8 Critical Measurement Lessons Learned from a Horrible Terrible No Good Year

An image of a man asleep with post-it notes on him, to illustrate the concept of measurement lessons after a hard year.

2021 was not a particularly wonderful year. It’s hard to do great measurement when you work from a couch with kids jumping on it. Still, measuring your results is all about learning lessons from experience, so our not-favorite year provides a golden opportunity. Here goes:

Lesson #1: Engagement as a metric destroys our mental health and your good measurement.

The use of engagement as a business metric degrades our mental and societal health. Algorithms that prioritize engagement have boosted a plague of misinformation, disinformation, rumors, and lies to the top of everyone’s news feed. As a result we’ve all become angrier at everything and each other. Since anger drives engagement and engagement drives advertising revenue, the cycle will probably only get worse in 2022. Blame Facebook, blame politics, blame human nature, but most of all blame greedy companies that profit from our discontent.

What to learn from it: First of all, stay off social media. Or a least be aware of how it manipulates you. And for your measurement, as always, measure what matters. There are business reasons why your organization communicates. (If you don’t know what they are, find out now. And read “The Measurement Revolution Manifesto: Use Business Metrics, Not Bad Metrics!”) Focus on how your efforts impact those business outcomes. Ignore any metrics that you can’t tie to business outcomes.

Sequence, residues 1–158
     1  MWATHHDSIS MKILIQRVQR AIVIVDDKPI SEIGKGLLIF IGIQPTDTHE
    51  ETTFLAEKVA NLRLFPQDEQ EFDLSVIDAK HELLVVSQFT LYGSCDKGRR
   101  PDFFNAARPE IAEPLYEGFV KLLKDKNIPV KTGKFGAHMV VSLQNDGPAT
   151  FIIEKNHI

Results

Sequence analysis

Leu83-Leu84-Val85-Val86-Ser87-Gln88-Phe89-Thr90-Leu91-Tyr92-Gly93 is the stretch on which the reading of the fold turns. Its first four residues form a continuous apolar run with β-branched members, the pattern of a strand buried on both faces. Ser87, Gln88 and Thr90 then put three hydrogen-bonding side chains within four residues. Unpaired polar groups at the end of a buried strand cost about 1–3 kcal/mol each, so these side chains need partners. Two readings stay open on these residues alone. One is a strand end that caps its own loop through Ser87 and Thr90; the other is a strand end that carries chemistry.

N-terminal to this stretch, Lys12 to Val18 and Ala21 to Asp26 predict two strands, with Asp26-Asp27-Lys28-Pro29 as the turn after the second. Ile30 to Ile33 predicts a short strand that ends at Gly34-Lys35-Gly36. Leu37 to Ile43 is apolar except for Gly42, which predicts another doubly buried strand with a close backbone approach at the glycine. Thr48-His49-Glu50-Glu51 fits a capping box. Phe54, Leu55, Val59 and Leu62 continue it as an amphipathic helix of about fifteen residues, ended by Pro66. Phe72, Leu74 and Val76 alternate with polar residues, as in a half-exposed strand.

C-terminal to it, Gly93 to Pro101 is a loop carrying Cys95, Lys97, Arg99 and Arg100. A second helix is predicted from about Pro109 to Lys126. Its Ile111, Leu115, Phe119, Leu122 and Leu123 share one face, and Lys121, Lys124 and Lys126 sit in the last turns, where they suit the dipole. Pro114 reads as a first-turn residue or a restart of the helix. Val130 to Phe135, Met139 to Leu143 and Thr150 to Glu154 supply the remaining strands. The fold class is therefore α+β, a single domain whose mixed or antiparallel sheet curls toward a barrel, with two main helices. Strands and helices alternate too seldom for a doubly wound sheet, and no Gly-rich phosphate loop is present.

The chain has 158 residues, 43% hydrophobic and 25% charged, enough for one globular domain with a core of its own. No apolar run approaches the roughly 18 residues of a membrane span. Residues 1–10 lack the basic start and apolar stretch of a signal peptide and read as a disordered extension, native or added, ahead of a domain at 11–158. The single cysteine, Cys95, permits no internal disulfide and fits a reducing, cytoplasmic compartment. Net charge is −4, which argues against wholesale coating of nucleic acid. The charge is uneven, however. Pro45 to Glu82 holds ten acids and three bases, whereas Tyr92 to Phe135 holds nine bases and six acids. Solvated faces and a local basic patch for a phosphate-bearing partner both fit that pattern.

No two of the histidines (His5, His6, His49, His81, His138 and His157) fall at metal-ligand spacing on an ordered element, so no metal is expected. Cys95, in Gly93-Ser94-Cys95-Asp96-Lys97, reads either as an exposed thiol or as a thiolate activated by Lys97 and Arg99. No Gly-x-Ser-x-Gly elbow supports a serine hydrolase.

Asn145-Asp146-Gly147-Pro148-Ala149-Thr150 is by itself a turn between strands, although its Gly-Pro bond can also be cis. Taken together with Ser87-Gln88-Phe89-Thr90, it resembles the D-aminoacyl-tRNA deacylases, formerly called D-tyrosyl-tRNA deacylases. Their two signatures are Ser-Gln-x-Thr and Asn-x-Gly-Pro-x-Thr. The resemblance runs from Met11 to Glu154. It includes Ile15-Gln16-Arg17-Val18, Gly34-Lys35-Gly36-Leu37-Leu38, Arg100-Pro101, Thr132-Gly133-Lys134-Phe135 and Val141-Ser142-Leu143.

Lesson #2: Culture and crises are connected.

Over the past year, whether it was oversized egos, institutional greed, or inherent naivete, the way a company was run and the nature of who ran it played a definitive role in generating crises. 2021 proved the old adage, culture trumps strategy.

What to learn from it: If your corporate culture emphasizes profit over people, greed over ethics, or growth at all costs, then you will eventually be dragged into a crisis that you can’t ameliorate. If the culprit behind your crisis is the CEO, it may be time to dust off your resume and join the great resignation. 

Lesson #3: Forget the funnel.